Last Updated: 12th May 2019
Exploring the Alps on two wheels
- 2 credit cards
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Helmet reflectors (France)
Power cable Extension
First Aid Kit
Spare bike/alarm keys
Small roll of gafa Tape
Small tool kit
* Details below
** Travel size
Sunglasses & cap
Travelling kits are based on personal preferences and will vary due to what type of trips you are going on, overnighting in hotels or camping. I've tried camping only to find that it's not really my cup of tea. I enjoy a good nights sleep too much. So with that in mind, all the items listed above are based on sports touring adventures overnighting in hotels. This travelling kit works well for me and my current bike setup. My kit was created from scratch out of necessity, and over the years upgraded concentrating on quality products as well as weight and volume reduction. Your kit will most probably vary from mine, but if you're new to biking holidays, then the list above can be a great starting point, and you can adjust to fit your needs accordingly. Below I detail the products I have gone for and may even provide a link to where they can be purchased.
You need to have both parts of your original vehicle documentation with you if you have a machine registered before 5-12-2005 as well as your proof of insurance.
Anything after 5-12-2005 then you only need to take the orginal part 1 with you.
Rider protection is always on our mind, helmets, boots, back protector etc, but we have come across many bikers that simply dont think about ear protection.
Motorbike riders are prone to hearing damage caused by wind noise. Being subjected to a mere 15 minutes wind noise at motorway speeds is enough to start hearing damage. It's alikened to running an angle grinder without ear protection.
To combat this, we use ear plugs. We have used moldex plugs for quite a few years, and can recommend them and can be bought here. Normally they cost 35kr for a pair.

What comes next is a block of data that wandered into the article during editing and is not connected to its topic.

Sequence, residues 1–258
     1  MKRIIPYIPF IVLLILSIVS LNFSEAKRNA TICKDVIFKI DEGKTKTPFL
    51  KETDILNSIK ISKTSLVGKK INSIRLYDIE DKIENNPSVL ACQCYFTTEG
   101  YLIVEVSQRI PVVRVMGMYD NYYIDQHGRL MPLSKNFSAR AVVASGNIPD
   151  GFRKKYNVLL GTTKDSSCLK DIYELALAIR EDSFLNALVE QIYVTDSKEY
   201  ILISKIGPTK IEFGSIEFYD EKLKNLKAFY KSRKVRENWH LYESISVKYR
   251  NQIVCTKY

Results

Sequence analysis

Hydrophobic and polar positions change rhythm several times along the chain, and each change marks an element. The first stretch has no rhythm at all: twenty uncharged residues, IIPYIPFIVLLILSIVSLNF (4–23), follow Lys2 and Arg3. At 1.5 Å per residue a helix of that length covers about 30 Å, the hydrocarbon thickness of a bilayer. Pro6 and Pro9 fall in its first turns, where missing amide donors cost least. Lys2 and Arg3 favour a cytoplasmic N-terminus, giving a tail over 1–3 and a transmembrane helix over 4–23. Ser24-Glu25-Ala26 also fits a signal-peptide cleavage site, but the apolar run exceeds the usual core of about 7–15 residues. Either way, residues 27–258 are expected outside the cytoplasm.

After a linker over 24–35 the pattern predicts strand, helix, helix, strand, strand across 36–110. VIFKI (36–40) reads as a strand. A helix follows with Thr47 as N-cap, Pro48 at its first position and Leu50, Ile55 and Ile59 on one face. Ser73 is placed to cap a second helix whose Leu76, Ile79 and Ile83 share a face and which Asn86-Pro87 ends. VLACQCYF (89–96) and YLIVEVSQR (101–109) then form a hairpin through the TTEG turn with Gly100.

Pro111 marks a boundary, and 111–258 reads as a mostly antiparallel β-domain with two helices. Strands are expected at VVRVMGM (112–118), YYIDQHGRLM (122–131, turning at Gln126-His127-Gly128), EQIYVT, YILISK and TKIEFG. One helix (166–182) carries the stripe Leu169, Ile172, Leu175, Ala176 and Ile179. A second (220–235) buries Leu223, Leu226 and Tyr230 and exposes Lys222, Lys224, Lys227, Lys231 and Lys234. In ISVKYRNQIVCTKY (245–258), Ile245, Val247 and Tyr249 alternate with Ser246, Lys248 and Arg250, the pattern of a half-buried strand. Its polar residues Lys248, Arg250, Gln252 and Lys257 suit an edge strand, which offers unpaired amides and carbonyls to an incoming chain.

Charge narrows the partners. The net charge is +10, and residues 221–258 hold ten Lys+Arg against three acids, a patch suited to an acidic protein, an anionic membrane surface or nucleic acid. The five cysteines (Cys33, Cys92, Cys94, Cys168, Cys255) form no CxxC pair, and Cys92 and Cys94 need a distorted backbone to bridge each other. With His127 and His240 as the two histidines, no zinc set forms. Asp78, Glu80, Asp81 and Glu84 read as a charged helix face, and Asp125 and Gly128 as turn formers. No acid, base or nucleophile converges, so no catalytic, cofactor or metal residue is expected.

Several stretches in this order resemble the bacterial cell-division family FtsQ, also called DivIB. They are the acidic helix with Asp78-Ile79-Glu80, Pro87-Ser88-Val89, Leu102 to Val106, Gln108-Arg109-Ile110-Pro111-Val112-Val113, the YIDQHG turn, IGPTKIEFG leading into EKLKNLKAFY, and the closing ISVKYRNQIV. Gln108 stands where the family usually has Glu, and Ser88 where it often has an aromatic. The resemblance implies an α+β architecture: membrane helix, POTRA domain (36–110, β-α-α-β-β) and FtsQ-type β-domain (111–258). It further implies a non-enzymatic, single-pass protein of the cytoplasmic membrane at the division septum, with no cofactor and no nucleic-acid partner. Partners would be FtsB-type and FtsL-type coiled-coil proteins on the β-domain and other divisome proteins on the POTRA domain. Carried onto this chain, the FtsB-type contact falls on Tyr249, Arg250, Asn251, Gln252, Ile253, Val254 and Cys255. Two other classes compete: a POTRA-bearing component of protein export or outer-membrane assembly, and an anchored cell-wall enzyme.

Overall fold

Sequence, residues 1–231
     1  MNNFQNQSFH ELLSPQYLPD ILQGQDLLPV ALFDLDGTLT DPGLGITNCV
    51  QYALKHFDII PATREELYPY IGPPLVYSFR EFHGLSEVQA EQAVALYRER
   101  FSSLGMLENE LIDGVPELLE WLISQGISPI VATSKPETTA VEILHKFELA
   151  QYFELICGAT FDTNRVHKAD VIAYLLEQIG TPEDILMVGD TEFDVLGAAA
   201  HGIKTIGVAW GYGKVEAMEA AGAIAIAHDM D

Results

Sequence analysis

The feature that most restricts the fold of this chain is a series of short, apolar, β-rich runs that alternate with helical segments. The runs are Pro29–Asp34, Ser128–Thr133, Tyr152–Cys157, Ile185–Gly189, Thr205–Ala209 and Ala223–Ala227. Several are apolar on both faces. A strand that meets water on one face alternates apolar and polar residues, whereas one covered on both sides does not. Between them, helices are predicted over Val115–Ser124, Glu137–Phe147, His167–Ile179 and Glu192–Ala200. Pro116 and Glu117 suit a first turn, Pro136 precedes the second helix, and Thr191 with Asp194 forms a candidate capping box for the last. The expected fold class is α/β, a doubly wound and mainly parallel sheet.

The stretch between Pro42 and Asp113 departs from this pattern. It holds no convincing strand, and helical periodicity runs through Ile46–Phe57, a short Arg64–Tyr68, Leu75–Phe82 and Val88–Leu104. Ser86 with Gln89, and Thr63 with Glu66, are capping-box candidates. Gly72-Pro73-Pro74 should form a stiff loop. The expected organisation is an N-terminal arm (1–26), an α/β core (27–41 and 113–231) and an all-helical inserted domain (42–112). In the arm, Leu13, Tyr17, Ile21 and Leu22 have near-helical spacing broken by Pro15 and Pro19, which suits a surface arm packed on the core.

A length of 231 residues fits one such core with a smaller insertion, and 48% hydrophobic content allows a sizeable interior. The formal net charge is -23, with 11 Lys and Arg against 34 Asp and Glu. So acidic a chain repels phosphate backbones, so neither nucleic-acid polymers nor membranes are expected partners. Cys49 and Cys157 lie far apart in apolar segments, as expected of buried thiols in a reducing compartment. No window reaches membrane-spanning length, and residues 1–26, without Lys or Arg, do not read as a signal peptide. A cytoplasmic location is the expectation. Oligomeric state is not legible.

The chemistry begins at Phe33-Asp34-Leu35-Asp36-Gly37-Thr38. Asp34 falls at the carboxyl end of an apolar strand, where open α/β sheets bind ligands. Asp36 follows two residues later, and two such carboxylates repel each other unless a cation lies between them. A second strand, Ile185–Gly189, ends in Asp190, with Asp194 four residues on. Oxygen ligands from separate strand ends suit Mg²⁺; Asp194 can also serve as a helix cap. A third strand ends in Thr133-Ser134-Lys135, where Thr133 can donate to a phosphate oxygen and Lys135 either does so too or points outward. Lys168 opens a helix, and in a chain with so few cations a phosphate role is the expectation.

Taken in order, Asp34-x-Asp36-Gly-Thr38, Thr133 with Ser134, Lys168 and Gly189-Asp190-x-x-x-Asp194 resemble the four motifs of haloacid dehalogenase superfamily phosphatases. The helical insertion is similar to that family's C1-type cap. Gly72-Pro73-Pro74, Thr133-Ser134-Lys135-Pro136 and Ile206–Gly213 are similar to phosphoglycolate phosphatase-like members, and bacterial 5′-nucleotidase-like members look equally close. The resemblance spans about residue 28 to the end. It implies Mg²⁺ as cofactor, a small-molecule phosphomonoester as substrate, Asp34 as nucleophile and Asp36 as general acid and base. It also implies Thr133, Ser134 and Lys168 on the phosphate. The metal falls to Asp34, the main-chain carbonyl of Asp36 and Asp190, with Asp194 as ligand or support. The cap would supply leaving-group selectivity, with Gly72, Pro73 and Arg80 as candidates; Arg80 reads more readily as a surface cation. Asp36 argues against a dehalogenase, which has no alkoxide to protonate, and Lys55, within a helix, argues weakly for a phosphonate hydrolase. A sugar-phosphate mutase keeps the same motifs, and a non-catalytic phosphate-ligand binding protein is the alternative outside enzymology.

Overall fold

If you want something more serious, then moulded earplugs is the way to go. Send your molds to ultimate ear in the UK and they'll make some top notch ear buds.
Back in 2014 we experienced a travelling buddy losing his wallet with all his credit cards, tickets and driving licence. The lessons learned from that trip, we like to share with you.
Lesson learned: Don't keep all your eggs in one basket:
You'll need 2 credit cards and a small amount of cash, say €300.
1) Your main credit card you'll have in your wallet.
2) Your backup credit card is stashed away deep in your luggage together with your registration documents. This card will only see the light of day if you loose your main credit card.
3) The cash you put somewhere zipped up in your inner jacket. This cash is your emergency money, for emergency use only.
You will find that quite often, you will need to clean your visor. As you can see from the picture on the left, fly spats can over time can impair visibility. During the summer season, it is not uncommon to have to clean a visor like this 2-3 times during the day.
Wiping them off with a glove will sometimes smear them reducing viability even more, and you can also scratch your visor as you have to remember that most flying insects have exoskeletons.
Muc-off™ produces a visor cleaning kit which we have found to be invaluable. Simply give the visor a couple of squirts of it's visor cleaning solution and wipe off with the supplied cloth. Everything packs away neatly in a carrying case
If you're riding solo or with friends, BT intercoms breaks up the monotony of the boring parts. It's a great way to get your GPS and music in your helmet, and if you're thinking of riding in France, then you may want to consider some BT intercoms as since 1st July 2015 France doesnt allow the use of earphones.
Regardless if you're a Sunday rider or doing serious miles, you'll want to install a chain lubrication system on your chain driven bike. Admittedly we have only ever used Scottoiler for this purpose, as it does it's job so well.
Over the years on the chains that we didn't have a Scottoiler installed, even though we followed the manufacturers recommended lube guide lines, (500km dry/250km wet) the life span of those chains topped at 18000km/11000 miles. We've even met bikers that didn't know that they had to oil their chain and their chain was completely ruined by 4000km. With a Scottoiler installed we've had chains reaching the change marker after 58000km /36000miles.
In short you're prolonging the life of your chain with at least 250%